Mike Houlihan
7 months ago

Here's what jumped out at me from this article:
"Father Graf could have no contact with church officials, including other priests, and he would need to retain his own legal counsel."

This is a violation of charity; a violation of the human rights of Father Graf and of his brother priests who may want to support him; a scandal as damaging to the church as the sex abuse crisis itself. If there is a young man in your life or in your family contemplating priesthood as a vocation, for the love of God tell him to do something else with his life. There is not even the pretense of Gospel values left in the institutional Catholic Church, least of all in the clergy.

Will Nier
7 months ago

I can only imagine as a priest how difficult it is to do your job in today's world. How do you effectively minister to other's without getting personnel? I also would not hear confessions in a closed in room but in the Church and maybe with a camera on me. To much to risk today. I do have to say that was not taught in the seminary when I was there in the 1970's.

Nora Bolcon
7 months ago

So your answer is to attack the privacy of all parishioners rather than risk what they might claim of your abuse?

I would say you should be no priest. The sacrament of confession needs to be confidential for some to feel able to confess their sins and there is an obligation for victims to give some evidence of wrong doing and as this article points out few priests have been falsely accused.

I say put a women called to priesthood willing to take the risk of hearing private confessions in your place sir. Someone who actually cares about the church member more than themselves.

Paul Pearce
7 months ago

It seems to me that one of the basic rights of all people namely that of the presumption of innocence and being in receipt of a skilled defence have been ignored by the general populace and the media in particular. We live in an age of needing someone to blame for all the wrongs in society, when the truth is that youngsters and their elders need or have never been taught to take responsibility for their actions. Actions have consequences; pure and simple. People who have committed heinous abuse crimes deserve to be punished. Innocent people are tried in the media. Let those who have not sinned cast the first stone. Anyone engaging in adultery, mugging and injuring elderly people, raping, cold blooded murder etc. are treated better than Fr. Graf. He should be able to sue the person who caused him so much suffering. On the criminal side, the one who made the allegation should be charged with perversing the course of justice.

David Pierre
7 months ago

SNAP's claim that "False claims of sexual abuse are remarkably low" is **outright false**.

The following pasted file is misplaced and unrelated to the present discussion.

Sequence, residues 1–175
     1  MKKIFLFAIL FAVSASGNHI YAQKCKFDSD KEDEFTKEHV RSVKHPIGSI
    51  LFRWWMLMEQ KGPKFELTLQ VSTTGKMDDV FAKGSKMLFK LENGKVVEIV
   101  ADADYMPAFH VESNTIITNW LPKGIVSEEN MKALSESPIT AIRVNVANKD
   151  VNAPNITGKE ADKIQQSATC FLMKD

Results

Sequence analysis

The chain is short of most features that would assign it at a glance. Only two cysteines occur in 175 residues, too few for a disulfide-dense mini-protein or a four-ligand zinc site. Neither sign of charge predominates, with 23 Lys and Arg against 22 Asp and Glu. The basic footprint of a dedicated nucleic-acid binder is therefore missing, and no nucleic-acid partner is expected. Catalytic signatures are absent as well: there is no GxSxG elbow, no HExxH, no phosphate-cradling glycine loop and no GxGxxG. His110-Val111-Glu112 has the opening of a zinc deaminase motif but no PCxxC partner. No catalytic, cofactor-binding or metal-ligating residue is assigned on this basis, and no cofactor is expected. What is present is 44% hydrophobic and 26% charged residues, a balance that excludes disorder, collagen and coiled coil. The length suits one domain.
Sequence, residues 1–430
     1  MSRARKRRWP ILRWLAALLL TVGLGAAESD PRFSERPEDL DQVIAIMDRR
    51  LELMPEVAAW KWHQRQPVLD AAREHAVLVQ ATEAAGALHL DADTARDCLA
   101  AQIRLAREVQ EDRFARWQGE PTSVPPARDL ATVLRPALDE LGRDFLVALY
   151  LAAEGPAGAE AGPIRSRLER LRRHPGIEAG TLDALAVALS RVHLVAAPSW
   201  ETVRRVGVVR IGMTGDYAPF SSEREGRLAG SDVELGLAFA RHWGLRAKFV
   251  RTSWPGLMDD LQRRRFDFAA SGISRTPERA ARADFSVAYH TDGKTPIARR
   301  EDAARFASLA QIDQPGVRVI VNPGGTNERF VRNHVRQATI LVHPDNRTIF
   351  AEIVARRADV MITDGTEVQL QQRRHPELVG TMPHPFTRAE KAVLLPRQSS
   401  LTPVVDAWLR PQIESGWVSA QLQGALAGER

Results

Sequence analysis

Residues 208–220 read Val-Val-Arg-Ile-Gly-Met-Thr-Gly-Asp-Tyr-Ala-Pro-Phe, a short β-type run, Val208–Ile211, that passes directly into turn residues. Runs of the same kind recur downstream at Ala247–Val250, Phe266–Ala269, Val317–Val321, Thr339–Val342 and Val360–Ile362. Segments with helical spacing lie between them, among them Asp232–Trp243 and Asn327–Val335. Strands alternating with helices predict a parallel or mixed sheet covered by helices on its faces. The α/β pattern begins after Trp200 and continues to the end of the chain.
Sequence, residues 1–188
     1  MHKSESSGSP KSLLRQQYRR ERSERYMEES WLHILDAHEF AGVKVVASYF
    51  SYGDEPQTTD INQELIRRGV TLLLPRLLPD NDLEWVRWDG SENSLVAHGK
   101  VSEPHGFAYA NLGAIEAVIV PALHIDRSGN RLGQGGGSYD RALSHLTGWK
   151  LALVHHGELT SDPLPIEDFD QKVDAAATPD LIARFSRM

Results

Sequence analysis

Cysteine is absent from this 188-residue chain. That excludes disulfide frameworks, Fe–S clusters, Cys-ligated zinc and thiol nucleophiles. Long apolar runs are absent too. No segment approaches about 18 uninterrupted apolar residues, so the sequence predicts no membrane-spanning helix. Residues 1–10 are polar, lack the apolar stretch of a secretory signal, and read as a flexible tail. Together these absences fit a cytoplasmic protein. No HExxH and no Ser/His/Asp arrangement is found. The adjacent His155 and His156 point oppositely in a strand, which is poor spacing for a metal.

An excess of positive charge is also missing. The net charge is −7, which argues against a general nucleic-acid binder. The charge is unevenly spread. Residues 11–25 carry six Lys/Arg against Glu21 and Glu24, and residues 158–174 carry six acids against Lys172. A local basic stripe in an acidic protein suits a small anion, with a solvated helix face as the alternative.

In truth, only 15%-25% of all accusations every year are deemed "substantiated."
Michael grossly misleads his audience with the stats from the 2017 report in that he missed the fact that his numbers only apply to those accusations in which *a determination* has been made!

In truth, the vast majority of accusations are not substantiated!

THOMAS E BRANDLIN, MNA
6 months 4 weeks ago

This is unjust. Yes, take the accusation seriously but don't assume the accused is guilty. Give him his rights in civil, criminal, and Canon law, don't isolate him - you have, in effect, imprisoned him. Then - Chief Shepherd of the Archdiocese of Chicago - sue the accuser's rear-end off and get justice for your priest. Anything less is a violation of Canon 220. None of the bishops in this country are willing to do right for the accused. Until they do we will continue to pay $8,000,000 settlements by using the money the People of God have given to the Church for the salvation of souls; not the enrichment of attorneys and accusers who go unchallenged.

Bruce Snowden
6 months 4 weeks ago

It was the most wrenching experience of my life, the day I visited a priest and my former Confessor as he lay near death and see him weep, a man in his eighties, as he tearfully told me, “I was once falsely accused of the sexual abuse of a child!” He ministered as Chaplain in a hospital and used to hang his Religious Habit on a hook in an empty room, safely there he thought for his next day on duty. A hospital worker would at will put on the Habit and as an apparent priest-friar improperly touch a young girl-patient at the hospital. Thus the false accusation against my priest-friend.

Father was dismissed from his Chaplaincy and disgraced in the eyes of many, until it finally occurred to the Bishop and Father Superiors to look more carefully into the charges. The young girl was also summonsed and Father was called to the meeting. In the presence of the Bishop, Religious Superiors and other Officials, the child was asked “Is he the one?” The child responded, “He is not the one!” The Bishop said to Father, “Forget about it!” Years later Father told me. “How could I forget about it? He never did and when Sister Death arrived, he died thinking about it!